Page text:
was non-negotiable for Dalai Lama's brother
By Mayank Chhaya
Chicago, Sep 7 (IANS) Thubten Jigme Norbu, the elder brother
of Buddhist spiritual leader the Dalai Lama who died last
week in the US, considered the status of Tibet "non-negotiable"
throughout his life.
Asked during an interview four years ago in Bloomington, Indiana,
whether he agreed with the idea that Tibetans should settle
for autonomy rather than independence, Norbu, who was also
known as Takster Rinpoche, said: "No, I do not, but I
also know that you cannot get anything more from the Chinese.
The status of Tibet must be Tibet, nothing else.
"If we don't achieve that I think in the future there
will be no Tibetans in Tibet. Period. In two generations there
will be no Tibetans in Tibet. See what is happening in Inner
Mongolia. There are four million Mongols but you cannot find
10 Mongols together in the capital Khokhot," Norbu said.
In 1926, at age four, Norbu was chosen as the reincarnation
of an important lama by the prestigious Kumbum monastery in
the province of Amdo. He learned to live in his younger brother's
shadow without a trace of sibling rivalry. He lived over 50
years out of his 90 outside Tibet.
Excerpts from the interview:
Q: You were made an offer by the Chinese that if you overthrew
the Dalai Lama, you would be made the governor general of
A: Yes, there were quite a few people who kept talking about
making me the governor general in return for overthrowing
my brother. They would come to me every day and tell me all
sorts of things. They would criticise everything from our
habits to our clothes. They would comment on our robes saying
we wasted so much cloth in those robes and wasted so much
money. They would say just wear a jacket and pants.
Q: Is it true that they even encouraged you to commit fratricide
to achieve the objective of ending the Dalai Lama's rule?
A: Yes, they said so in so many words. They said they would
destroy everything Tibetan, its religion, its culture, its
customs and so on. They said if His Holiness does not cooperate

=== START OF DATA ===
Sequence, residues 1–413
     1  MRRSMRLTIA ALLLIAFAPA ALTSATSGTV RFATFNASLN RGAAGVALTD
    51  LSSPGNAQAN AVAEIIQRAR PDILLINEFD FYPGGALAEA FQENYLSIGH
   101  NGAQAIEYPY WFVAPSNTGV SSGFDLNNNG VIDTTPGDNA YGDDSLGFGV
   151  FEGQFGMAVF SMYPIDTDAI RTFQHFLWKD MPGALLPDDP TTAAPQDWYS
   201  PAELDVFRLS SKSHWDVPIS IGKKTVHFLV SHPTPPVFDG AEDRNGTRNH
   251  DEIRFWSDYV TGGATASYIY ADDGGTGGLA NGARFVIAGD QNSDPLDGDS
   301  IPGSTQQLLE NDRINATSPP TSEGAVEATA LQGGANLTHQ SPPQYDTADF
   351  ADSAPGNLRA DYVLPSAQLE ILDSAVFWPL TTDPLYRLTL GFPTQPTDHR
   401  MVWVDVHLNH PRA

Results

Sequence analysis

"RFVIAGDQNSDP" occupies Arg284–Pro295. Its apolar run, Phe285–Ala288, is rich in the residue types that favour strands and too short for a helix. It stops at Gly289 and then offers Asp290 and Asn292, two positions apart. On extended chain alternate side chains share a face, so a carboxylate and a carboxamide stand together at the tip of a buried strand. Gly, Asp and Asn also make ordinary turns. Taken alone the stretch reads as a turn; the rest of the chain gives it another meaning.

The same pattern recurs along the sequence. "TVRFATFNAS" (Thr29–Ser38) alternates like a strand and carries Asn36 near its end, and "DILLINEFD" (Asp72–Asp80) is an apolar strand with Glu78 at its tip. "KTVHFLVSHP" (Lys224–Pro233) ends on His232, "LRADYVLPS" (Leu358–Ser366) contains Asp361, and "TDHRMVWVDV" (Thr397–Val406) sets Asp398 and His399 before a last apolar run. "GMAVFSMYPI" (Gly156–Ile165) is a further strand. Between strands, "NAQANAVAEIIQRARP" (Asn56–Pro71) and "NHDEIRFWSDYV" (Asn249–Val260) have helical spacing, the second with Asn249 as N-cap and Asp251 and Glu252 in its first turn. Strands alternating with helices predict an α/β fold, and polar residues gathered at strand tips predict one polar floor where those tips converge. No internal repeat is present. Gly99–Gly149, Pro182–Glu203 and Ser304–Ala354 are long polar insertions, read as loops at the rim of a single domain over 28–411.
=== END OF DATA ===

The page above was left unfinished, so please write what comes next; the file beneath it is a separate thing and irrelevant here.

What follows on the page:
with the Communists, then you should kill him.
Q: You eventually told His Holiness about the Chinese suggestion.
How did he react?
A: When I finally met His Holiness and told him what the Chinese
were up to, he remained very calm. He just waived his hand
as if he was brushing away an evil spectre. He asked me to
rise. We both looked into each other's eyes. I could see nothing
but sympathy and concern for me through his thick glasses.
I left soon after that.
Q: The Dalai Lama is optimistic that the issue will be resolved
in his lifetime. Are you that optimistic?
A: At this moment I cannot say anything.
Q: What role can India play?
A: India should recognise His Holiness' government. That is
crucial. That will help. Once that happens, then the situation
will change. Doors will open up.
Q: What about the United States?
A: I don't think the US can do anything because the US is
interested in green paper (dollars) and how much Mr. Coffee
they can sell. They are not concerned with Tibetans' suffering.
They are concerned with trade.
Q: What is the best deal that China can offer?
A: The Tibetan people must say that China must leave Tibet.
They must react.
Q: Would you like to visit Lhasa?
A: No, what for? I went in 1980. I regret that. What would
one do there? The Chinese do not let you move around freely.
The few Tibetans who meet you cry about the state of affairs.
I am a human being. I feel a lot of pain.
Q: What kind of conversation do you have with the Dalai Lama?
A: I always say that the status of Tibet is not negotiable.
Tibet is Tibet.
Q: What are the Dalai Lama's most striking qualities as a
A: He has no selfishness about him. He treats everyone as
an equal. We might say those things in words but cannot do
so in practice. I know all human beings are equal but I cannot
always practice that. He always does.
Q: Is he the last Dalai Lama?
A: I don't think so. That will depend on Tibet. If it is up
to Tibet and Tibetans, it is guaranteed that he is not the
last Dalai Lama. If there is Tibet, there must be a Dalai
(Mayank Chhaya is the Chicago-based author of the Dalai Lama's
authorised biography. He can be reached at firstname.lastname@example.org